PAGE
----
A few key points:

  • "The annotation layer is the most important thing we do." Data needs context.
  • Context isn't just change over time. Think about scale, background ...


In the Thick of It with #TSATime

December 1, 2010 at 12:08 p.m.


Elegance from Ugliness: Lessons from MongoDB at Chicago Trib

November 5, 2010 at 10:46 a.m.

Chris Groskopf gives us the backstory on building the recently-launced Illinois School Report Cards:

The site is a comprehensive look at how schools across the state performed on standardized tests, with faceted and geographic search and lots of ways to interpret the data. It's the kind of project any regional news organization should be all over, and the Trib did it well (no surprise there).

A couple quick takeaways here:

The data is a mess: Nothing says "government data" like a 210 megabyte text file with 9,000(!) columns. Have a look.

That made the site a good candidate ...


Lessons from Covering the Gulf Oil Leak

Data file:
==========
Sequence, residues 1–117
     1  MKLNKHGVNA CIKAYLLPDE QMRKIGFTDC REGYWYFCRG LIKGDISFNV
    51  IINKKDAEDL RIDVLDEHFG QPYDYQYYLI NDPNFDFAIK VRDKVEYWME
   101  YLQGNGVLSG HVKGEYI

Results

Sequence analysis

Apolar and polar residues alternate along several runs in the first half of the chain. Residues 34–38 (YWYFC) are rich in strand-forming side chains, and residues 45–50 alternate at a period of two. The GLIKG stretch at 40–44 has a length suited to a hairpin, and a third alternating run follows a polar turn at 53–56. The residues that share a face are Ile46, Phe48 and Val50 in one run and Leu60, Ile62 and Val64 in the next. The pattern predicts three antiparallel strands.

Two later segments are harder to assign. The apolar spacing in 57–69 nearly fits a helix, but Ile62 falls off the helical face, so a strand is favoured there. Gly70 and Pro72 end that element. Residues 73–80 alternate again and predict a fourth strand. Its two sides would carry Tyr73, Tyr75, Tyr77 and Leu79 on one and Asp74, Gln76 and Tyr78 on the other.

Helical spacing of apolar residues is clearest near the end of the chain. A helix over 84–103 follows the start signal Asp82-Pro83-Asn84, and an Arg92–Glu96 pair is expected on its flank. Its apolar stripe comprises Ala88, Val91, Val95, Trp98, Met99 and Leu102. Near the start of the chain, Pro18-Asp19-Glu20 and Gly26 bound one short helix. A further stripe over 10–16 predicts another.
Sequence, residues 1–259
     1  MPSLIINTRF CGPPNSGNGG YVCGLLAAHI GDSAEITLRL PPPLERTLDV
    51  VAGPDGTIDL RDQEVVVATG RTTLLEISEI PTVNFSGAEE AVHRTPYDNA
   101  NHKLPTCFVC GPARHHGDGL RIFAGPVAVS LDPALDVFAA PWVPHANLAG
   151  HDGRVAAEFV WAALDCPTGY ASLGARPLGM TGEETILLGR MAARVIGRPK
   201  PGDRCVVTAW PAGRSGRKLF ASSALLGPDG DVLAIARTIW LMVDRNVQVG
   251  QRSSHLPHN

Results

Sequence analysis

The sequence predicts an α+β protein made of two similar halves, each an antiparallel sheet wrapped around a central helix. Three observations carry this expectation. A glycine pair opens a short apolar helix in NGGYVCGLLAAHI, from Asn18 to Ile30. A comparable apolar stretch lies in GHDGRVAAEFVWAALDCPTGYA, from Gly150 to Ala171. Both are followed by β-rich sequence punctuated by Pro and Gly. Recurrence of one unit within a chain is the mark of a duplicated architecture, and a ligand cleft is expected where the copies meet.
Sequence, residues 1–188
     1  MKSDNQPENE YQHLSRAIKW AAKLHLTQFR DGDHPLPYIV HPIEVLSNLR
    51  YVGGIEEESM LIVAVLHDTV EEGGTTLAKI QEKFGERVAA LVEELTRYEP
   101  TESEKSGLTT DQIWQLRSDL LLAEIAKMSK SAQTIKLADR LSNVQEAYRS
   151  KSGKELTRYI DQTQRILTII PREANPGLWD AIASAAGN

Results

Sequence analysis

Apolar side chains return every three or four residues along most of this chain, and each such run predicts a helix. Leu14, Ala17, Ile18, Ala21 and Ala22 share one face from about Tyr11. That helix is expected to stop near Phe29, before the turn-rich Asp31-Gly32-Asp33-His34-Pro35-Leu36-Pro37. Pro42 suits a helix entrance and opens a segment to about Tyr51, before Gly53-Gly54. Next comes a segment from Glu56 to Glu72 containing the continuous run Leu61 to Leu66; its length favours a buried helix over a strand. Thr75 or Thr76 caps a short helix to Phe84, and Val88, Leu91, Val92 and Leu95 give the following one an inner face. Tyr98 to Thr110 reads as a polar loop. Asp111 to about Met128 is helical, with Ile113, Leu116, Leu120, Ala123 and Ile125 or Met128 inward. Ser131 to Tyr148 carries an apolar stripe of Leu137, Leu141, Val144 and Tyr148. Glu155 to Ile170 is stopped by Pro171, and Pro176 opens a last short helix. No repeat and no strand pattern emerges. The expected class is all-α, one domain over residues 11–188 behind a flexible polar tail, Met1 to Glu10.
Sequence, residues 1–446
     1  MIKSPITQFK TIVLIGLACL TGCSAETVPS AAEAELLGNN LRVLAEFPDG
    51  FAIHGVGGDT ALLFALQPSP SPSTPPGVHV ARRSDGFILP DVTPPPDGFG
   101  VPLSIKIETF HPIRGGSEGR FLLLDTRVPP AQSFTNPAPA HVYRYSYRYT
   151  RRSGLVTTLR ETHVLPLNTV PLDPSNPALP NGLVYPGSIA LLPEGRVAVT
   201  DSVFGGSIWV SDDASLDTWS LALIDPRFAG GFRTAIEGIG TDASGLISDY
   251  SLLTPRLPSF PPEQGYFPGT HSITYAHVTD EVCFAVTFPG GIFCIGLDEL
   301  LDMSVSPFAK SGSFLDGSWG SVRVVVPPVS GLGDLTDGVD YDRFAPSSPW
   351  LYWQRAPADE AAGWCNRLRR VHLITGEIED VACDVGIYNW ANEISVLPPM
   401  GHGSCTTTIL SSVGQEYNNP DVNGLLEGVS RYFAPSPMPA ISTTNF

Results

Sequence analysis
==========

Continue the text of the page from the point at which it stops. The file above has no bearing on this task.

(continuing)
July 7, 2010 at 2:56 p.m.

Cross posted at MediaShift

The oil spill in the Gulf of Mexico has lasted more than two months now. It is the worst spill in US history, and it is likely to continue until at least August. And in covering it, the NewsHour has broken every traffic record it ever had.

So, what have we learned here?

(Quick note: A lot of the thinking behind this post comes from a debriefing at work with my colleagues Vanessa Dennis, Travis Daub and Katie Kleinman, and from conversations about the spill and our coverage with other people in and out of the ...


Footnotes on the State of the Union

January 28, 2010 at 10:51 p.m.

Last night the NewsHour went all-in covering State of the Union. We had on-air analysis, video from the Capitol and coverage on our new blog, and a new app to annotate the speech as it happened.

The Analyzer (I can never think of clever names for my apps; this is what everyone here calls it) is built in Django, with a lot of help from jQuery. From pitch to launch took exactly a week, including a working weekend.

The app is built around two main models: Speeches and footnotes. Every footnote is tied to a speech and indexed to a ...


Lessons from Gov2.0, and How I liveblogged it

September 19, 2009 at 11:51 a.m.